The abstracts of the papers do not cite the exact treatments used, and both speak of acupuncture being used in conjunction with other forms of treatment. In one paper, as is commonly found to be the case, the use of acupuncture alongside the conventional treatment appears to speed up the patient's recovery. However, it is best to consider these papers as indicative rather than conclusive; there are no large scale studies which make a confident prediction possible. A great deal will also depend on the extent ofthe cordotomy. The operation is not supposed to interfere with a patient's vocal capacity if they recover naturally, but as with all surgical procedures there is an inherent risk that some of the changes are not reversible.
We suspect that some of the treatment offered in the studies was local, i.e. in the area near the problem, and this can often be very effectively in stimulating a return to good function. However, a practitioner may well want to establish whether this is simply a local problem or whether this is the tip of a much larger iceberg - this would have implications for how much treatment may be required and whether it is worthwhile attempting to address this as a local issue if there is a backdrop of much more extensive imbalance.
If we were being brutally honest we would say that treatment may be more in hope than in expectation, but acupuncture treatment has a reputation for occasionally achieving unexpected but significant results,. so we would be happy to advise you to seek a face to face assessment with a BAcC member local to you who can give you a much better assessment by looking at the problem and your father's health in the round.
Your situation is not quite so drastic as this case, and there may be some greater hope that treatment may encourage a return of some of the lost function.Acupuncture treatment will certainly not do any harm, and since there are a number of functional disturbances seen from a Chinese medicine perspective which impinge directly on the effective use of the voice, it may be that an experienced practitioner can see a direct intervention which may help. Even in the absence of a direct connection, the underlying premise of Chinese medicine, the treatment of the patient rather than the illnss, may offer some possibility of a speedier recovery.
It is best to talk to a BAcC member face to face, though, to get a more accurate assessment of whether acupuncture treatment may be of benefit, and weare confident that you will receive honest and impartial advice.
Although your problem is not quite as advanced as this, we believe that the same advice holds good. There may well be local treatments which can help to improve theenergy flow in the affected areas and reinstate better function. There may well also have been functional disturbances in the system as a whole brought on by the tonsillitis and which treatment may be able to help. However, in both of these cases you would need to have a better qualified view from someone who sees you face to face to determine whether there is something in the energetic patterns which they believe would indicate that improvement would be likely. At this distance it is difficult to say and without solid research to go on, even of the anecdotal and less formal type, it is hard for us to say more. If you did find a practitioner who felt it was worth a try we would advise that you set regular review periods to ensure that you do not invest a great deal of time and money in something which isn't achieving very much.
A: We tend to be a little downbeat about the possibility for success in treating tinnitus. One regularly used answer, for example, reads:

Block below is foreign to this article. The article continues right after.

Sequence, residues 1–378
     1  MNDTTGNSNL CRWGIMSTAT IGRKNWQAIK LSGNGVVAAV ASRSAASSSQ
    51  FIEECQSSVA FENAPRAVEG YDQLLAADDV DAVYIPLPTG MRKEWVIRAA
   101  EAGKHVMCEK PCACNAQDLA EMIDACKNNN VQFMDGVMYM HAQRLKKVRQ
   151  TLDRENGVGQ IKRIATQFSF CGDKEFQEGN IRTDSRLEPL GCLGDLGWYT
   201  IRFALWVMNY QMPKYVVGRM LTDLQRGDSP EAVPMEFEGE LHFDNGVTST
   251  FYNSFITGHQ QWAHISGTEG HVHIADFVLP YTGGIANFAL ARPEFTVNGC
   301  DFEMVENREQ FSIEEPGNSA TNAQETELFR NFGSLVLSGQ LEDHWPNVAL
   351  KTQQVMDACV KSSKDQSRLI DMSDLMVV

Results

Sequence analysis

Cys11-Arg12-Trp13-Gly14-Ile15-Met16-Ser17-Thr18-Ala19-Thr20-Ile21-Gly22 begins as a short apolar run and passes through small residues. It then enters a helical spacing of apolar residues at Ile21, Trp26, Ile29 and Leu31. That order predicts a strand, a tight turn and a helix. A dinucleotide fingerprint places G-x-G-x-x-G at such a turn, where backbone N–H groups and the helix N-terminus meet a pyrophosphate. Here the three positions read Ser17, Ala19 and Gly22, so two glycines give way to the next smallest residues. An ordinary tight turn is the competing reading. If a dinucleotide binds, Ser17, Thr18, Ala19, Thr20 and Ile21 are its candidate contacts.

Tinnitus is one of the more intractable conditions which people seek acupuncture treatment for. Our Tinnitus fact sheet http://www.acupuncture.org.uk/a-to-z-of-conditions/a-to-z-of-conditions/tinnitus.html lists a small amount of research which suggests that acupuncture may help, but there have been no significant trials which provide solid evidence. There has also been a recent systematic review which concludes that there may be some subjective benefits but no positive conclusions sufficiently robust to be able to make firm recommendations.
It is fair to say that many practitioners are very cautious about taking on patients for whom tinnitus is the primary problem. As we can see from your husband's history oftreatment, it is quite easy to spend considerable time and money and be no better off than when you started, and the individual case reports in the tinnitus sufferers' magazines often have the same shape.
We are not aware of any member who specialises in the treatment of tinnitus. However, what many practitioners do find when treating people with tinnitus is that while the noise remains largely unchanged their ability to cope with it seems to improve. Evidence for this is largely anecdotal, though, and it would be wise to discuss carefully with any future practitioner whether they think that they might be able to help. In all events we would recommend that frequent and regular reviews of outcomes and progress are essential.
We don't think you can say more than this. There are two or three clearly identifiable patterns in Chinese medicine, described as syndromes, where tinnitus is a specific named symptom which frequently appears, and it is possible, if your tinnitus has arisen as a part of the syndrome, that there may be some help which acupuncture treatment may offer. An experienced practitioner should be able to make a very straightforward determination on whether this is the case. Overall, however, there is not a great deal of cause for optimism about getting rid of the unwanted noise.
We don't think there's a great deal more than can be said. We have come across cases where people have persevered for dozens of sessions in order to try to get on top of the problem, but without success, and there is always a danger that after investing a four figure sum for treatment which hasn't worked some patients may feel a little aggrieved. If someone really wants to give it a go we always advise members to set regular review periods and remind patients of where they are and that it is a freely made choice to continue.